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This month, Lance starts school in the British city of Brighton, to which the family will also relocate. He will continue campaigning, maintaining his focus on Hong Kong and supporting its young activists, a small community alive with ideas and positivity. As well as student-led groups like Climate Action Hong Kong, a group fighting for policy reform and education, and the Hong Kong Green Schools Alliance, set up to oppose the Lantau Tomorrow Vision and propose greener housing solutions, other children and their families have taken it upon themselves to spread the word and call for change.

Dhaanya and Reaha Ganeriwal are two sisters who have been campaigning for climate action for more than 100 weeks. Under the Instagram account My Green Mantra, which is managed by their mother Sheetal, they spread information related to sustainability and climate change, and have cultivated a large following. After a video of a turtle strangled by plastic in 2018 sparked a family discussion about climate change and waste, the two decided to stand in public plazas near where they live on Lantau and hold signs and use games to spark conversation. “I wanted people to think, ‘Why are children taking action instead of us?’ says Dhaanya, nine, who spoke at the American Chamber of Commerce in Hong Kong’s Women of Influence conference last November in a dialogue entitled “My courage is having a voice that is loud despite my age”.

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I wanted people to think, ‘Why are children taking action instead of us?
Dhaanya Ganeriwal

For the month of February, the sisters did a beach clean-up every day, collecting up to 30 kilograms of rubbish each time; in April, they held Listen to the Kids, a forum for discussion and sharing ideas for young activists, and launched a petition calling for Starbucks to stop charging extra for non-dairy milks. When travel resumes, they have their sights set on representing Hong Kong at COP, the United Nations climate change conference, which they say will give them a platform to lobby for systemic change.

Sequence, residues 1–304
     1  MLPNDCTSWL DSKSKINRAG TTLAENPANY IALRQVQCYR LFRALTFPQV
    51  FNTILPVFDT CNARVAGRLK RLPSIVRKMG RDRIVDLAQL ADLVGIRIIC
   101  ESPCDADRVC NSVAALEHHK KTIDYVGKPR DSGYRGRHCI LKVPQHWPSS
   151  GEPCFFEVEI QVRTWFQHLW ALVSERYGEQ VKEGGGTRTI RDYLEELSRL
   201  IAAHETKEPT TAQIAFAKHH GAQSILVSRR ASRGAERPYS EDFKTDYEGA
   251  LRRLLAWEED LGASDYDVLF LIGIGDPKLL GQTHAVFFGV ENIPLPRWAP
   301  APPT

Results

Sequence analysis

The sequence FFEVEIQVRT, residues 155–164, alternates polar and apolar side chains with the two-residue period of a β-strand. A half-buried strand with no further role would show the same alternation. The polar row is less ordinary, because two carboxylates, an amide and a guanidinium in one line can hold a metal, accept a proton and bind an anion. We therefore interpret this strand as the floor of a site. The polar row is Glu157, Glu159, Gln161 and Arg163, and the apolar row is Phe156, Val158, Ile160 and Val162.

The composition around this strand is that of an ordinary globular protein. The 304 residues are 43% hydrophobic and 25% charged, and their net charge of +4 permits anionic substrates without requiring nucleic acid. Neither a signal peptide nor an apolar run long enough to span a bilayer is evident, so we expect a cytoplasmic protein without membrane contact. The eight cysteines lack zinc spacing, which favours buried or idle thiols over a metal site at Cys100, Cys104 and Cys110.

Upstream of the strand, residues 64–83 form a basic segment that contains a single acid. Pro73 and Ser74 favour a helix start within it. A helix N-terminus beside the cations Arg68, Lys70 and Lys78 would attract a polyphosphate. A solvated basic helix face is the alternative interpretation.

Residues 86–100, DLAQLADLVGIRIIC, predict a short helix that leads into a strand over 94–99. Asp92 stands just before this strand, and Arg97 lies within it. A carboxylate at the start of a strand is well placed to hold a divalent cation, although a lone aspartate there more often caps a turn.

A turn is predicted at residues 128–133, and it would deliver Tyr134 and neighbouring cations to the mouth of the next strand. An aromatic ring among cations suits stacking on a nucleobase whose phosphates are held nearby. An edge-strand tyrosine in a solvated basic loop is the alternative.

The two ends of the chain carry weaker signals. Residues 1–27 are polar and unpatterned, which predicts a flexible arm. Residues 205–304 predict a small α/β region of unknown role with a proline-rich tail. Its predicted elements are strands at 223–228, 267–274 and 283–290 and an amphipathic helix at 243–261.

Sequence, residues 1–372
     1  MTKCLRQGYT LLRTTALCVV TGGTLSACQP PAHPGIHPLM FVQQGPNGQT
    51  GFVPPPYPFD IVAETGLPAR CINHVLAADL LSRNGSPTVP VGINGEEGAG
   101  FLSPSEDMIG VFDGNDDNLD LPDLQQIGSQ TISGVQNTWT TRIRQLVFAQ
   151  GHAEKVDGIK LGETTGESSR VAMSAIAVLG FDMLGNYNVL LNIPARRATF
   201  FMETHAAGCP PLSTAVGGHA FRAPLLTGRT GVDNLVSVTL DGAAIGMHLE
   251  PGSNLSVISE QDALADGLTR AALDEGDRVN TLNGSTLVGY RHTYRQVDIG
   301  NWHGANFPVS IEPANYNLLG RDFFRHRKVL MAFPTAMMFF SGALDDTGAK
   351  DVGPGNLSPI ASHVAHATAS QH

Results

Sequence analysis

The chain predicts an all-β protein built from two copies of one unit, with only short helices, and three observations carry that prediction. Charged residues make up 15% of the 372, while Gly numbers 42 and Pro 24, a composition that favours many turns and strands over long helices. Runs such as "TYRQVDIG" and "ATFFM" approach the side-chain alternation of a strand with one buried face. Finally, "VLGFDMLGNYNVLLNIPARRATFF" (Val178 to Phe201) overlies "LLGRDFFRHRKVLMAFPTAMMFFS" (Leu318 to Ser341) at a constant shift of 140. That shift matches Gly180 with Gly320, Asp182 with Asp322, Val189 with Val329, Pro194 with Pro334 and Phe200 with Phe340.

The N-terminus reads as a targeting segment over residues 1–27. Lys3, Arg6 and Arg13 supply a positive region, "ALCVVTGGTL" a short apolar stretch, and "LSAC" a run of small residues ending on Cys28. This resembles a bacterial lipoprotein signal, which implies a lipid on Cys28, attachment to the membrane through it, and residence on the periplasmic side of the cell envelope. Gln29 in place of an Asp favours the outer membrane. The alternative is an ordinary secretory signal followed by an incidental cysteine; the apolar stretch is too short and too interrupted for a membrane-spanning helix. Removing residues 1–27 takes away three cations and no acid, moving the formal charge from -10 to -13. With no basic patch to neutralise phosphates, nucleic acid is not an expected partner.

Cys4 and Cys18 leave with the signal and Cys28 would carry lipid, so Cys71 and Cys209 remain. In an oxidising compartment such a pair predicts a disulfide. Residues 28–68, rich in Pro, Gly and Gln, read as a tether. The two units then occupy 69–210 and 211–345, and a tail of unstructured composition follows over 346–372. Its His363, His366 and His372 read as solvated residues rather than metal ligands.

The pair are natural communicators whose messages are carefully researched and clear. “Mantra means a practice—doing something repeatedly. So we thought if we use the word mantra, people would know we were doing a practice over and over,” says Reaha, eight, on a video call from their home.

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“You are never too small to make a difference,” said Thunberg at COP 24, the 2018 edition of the conference. Young activists like Lance, Dhaanya and Reaha instinctively understand the iterative power of everyday actions when shared: a social media post promoting a beach clean-up or choosing a reusable cup over single use ones can have ripple effects that change the way institutions, businesses and even entire countries are run. Among the sisters’ goals is encouraging other children to grow a larger community whose voices will be increasingly difficult to ignore. “When younger kids see us doing something, they want to know why we’re doing it. They don’t know about the problem, so we explain it to them. And they want to help, so they go back and tell their parents,” Dhaanya says.

For Lance, change involves everyone in society seeing themselves as a small but important part of a much bigger machine. “Our teacher would say, ‘So you think you can get up and yell in the middle of class? What if the 30 other students also think that? It’d be like a fish market!’ The same philosophy applies to climate change: if you think not using a straw [won’t have an effect] and 7.9 other billion other people think so as well, we’re all going to go extinct,” he says. “But if you think that refusing straws is important, your actions not only affect yourself, but other people. Every post you make, every dollar you spend, counts.”

He continues, addressing adults whose choices today impact the world his and younger generations will one day inherit. “It’s your choice: have your kids suffering from heat, from sea levels rising, from fires and natural disasters. Or build a bright future, that we can all work towards for us and all the animals, to make the world a more equal place.”